Given that governors tend to wield considerable influence over local education policy making, those 36 elections will be particularly interesting to watch. In 17 of those states, citizens are guaranteed to elect a new chief executive, either because the incumbent chose not to run again or has reached a term limit. In 12 states, the governor will get to appoint the state’s chief state school officer (while another seven states will hold elections for their new state education chief). In 25 states, the governor will appoint members to the state board of education (while eight states and the District of Columbia will elect their state board members). And for anybody who’s still counting, governors in seven states also get to appoint state higher education officers.
Few voters likely know much about the ways in which outside money have influenced these races. Rather, they’ll rush into the polling station either before or after work, maybe with a few kids in tow, and try to make the best decisions they can with the limited information available. (I’ll withhold from commenting on those people who choose not to vote at all . . . I doubt the editors of this magazine would be comfortable printing my thoughts on that topic.)
Despite all the questions about how elected officials make decisions and who has the most influence over them, most Americans still believe that voting in state and local elections represents the best opportunity they have to express their policy views and preferences. That’s why this election cycle is so important . . . and so interesting. After two years of an administration that lauds local decision making while simultaneously deriding traditional public schools, we have no clear national vision for public education. Candidates may continue to wax poetic about the schools’ role in producing equal opportunities for all, but that mission has become harder and harder to achieve, and our policy makers have offered no plausible strategy by which to revive it.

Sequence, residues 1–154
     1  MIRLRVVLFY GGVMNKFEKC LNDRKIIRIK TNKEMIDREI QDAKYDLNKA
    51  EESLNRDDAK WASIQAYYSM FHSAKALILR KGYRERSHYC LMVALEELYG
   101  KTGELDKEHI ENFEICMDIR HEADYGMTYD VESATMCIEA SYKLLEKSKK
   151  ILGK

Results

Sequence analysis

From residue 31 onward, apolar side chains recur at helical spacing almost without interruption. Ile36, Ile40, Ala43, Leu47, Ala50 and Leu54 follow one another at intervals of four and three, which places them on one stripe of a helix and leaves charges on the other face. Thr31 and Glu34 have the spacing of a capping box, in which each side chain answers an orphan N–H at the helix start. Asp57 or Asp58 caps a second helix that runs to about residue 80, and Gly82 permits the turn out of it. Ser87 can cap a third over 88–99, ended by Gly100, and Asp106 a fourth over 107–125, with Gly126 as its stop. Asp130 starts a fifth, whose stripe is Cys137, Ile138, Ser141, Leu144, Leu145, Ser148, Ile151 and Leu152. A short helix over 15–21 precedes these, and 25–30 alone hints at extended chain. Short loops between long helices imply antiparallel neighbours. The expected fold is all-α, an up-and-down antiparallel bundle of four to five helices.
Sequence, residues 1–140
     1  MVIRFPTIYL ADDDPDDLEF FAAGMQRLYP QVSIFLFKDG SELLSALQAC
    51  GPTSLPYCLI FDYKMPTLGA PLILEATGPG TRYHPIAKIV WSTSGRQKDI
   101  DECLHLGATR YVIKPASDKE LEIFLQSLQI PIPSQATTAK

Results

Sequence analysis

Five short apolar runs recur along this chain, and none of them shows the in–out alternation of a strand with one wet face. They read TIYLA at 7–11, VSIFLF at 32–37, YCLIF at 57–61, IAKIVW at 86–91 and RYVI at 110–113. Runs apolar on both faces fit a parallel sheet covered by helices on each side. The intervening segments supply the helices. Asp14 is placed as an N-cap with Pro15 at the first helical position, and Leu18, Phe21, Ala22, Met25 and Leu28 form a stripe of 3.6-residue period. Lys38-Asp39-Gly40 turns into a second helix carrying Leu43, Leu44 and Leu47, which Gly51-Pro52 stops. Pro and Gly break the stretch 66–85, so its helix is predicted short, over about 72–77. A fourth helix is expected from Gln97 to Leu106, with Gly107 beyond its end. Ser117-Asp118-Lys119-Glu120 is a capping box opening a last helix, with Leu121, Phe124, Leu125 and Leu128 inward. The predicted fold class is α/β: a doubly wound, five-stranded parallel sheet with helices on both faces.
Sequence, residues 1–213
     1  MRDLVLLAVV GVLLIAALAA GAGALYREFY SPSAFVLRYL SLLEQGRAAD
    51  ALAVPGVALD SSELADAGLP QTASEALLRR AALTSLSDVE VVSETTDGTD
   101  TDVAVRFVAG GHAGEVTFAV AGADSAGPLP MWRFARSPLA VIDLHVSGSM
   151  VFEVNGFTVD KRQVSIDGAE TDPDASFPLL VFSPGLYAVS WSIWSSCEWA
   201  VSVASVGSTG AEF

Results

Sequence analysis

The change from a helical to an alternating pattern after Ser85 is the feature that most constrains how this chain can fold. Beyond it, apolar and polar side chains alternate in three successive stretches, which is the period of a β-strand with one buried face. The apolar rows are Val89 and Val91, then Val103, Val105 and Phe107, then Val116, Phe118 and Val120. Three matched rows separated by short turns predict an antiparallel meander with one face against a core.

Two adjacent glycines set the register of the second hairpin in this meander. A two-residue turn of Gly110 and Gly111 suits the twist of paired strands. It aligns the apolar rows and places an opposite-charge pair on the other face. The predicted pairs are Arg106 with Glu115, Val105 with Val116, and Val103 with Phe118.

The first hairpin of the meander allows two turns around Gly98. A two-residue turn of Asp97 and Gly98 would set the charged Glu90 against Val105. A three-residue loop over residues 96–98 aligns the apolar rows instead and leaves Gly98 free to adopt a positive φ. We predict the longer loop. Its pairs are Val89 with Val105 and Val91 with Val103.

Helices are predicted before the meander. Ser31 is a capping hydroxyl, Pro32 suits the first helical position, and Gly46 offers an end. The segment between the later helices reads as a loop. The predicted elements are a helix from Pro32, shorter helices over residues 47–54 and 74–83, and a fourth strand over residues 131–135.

The truth is no one knows what the future holds for education, and no one election cycle will make or break things for our schools. But if enough people get out and vote, something equally important can happen. Americans themselves can express what they value most about public education.
Citation: Ferguson, M. (2018). Washington view: Money, power, and choices. Phi Delta Kappan, 100 (3), 64-65.